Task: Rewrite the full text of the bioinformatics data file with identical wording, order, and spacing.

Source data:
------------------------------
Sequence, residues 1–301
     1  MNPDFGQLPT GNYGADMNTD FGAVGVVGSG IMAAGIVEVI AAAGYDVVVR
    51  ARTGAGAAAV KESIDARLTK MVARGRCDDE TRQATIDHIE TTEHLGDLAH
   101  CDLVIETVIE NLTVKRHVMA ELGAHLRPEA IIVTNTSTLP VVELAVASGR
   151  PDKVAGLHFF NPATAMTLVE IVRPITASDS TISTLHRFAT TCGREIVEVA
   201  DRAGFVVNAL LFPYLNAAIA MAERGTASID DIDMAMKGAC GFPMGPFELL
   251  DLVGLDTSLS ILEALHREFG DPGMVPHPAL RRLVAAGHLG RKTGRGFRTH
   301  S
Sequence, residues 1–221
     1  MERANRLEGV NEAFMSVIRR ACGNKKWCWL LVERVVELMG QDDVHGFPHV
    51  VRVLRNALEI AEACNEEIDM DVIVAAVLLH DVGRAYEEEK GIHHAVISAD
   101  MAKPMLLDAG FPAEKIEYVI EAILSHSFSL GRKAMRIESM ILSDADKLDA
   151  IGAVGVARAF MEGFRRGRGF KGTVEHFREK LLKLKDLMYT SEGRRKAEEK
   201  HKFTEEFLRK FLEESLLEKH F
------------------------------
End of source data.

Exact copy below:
Sequence, residues 1–301
     1  MNPDFGQLPT GNYGADMNTD FGAVGVVGSG IMAAGIVEVI AAAGYDVVVR
    51  ARTGAGAAAV KESIDARLTK MVARGRCDDE TRQATIDHIE TTEHLGDLAH
   101  CDLVIETVIE NLTVKRHVMA ELGAHLRPEA IIVTNTSTLP VVELAVASGR
   151  PDKVAGLHFF NPATAMTLVE IVRPITASDS TISTLHRFAT TCGREIVEVA
   201  DRAGFVVNAL LFPYLNAAIA MAERGTASID DIDMAMKGAC GFPMGPFELL
   251  DLVGLDTSLS ILEALHREFG DPGMVPHPAL RRLVAAGHLG RKTGRGFRTH
   301  S
Sequence, residues 1–221
     1  MERANRLEGV NEAFMSVIRR ACGNKKWCWL LVERVVELMG QDDVHGFPHV
    51  VRVLRNALEI AEACNEEIDM DVIVAAVLLH DVGRAYEEEK GIHHAVISAD
   101  MAKPMLLDAG FPAEKIEYVI EAILSHSFSL GRKAMRIESM ILSDADKLDA
   151  IGAVGVARAF MEGFRRGRGF KGTVEHFREK LLKLKDLMYT SEGRRKAEEK
   201  HKFTEEFLRK FLEESLLEKH F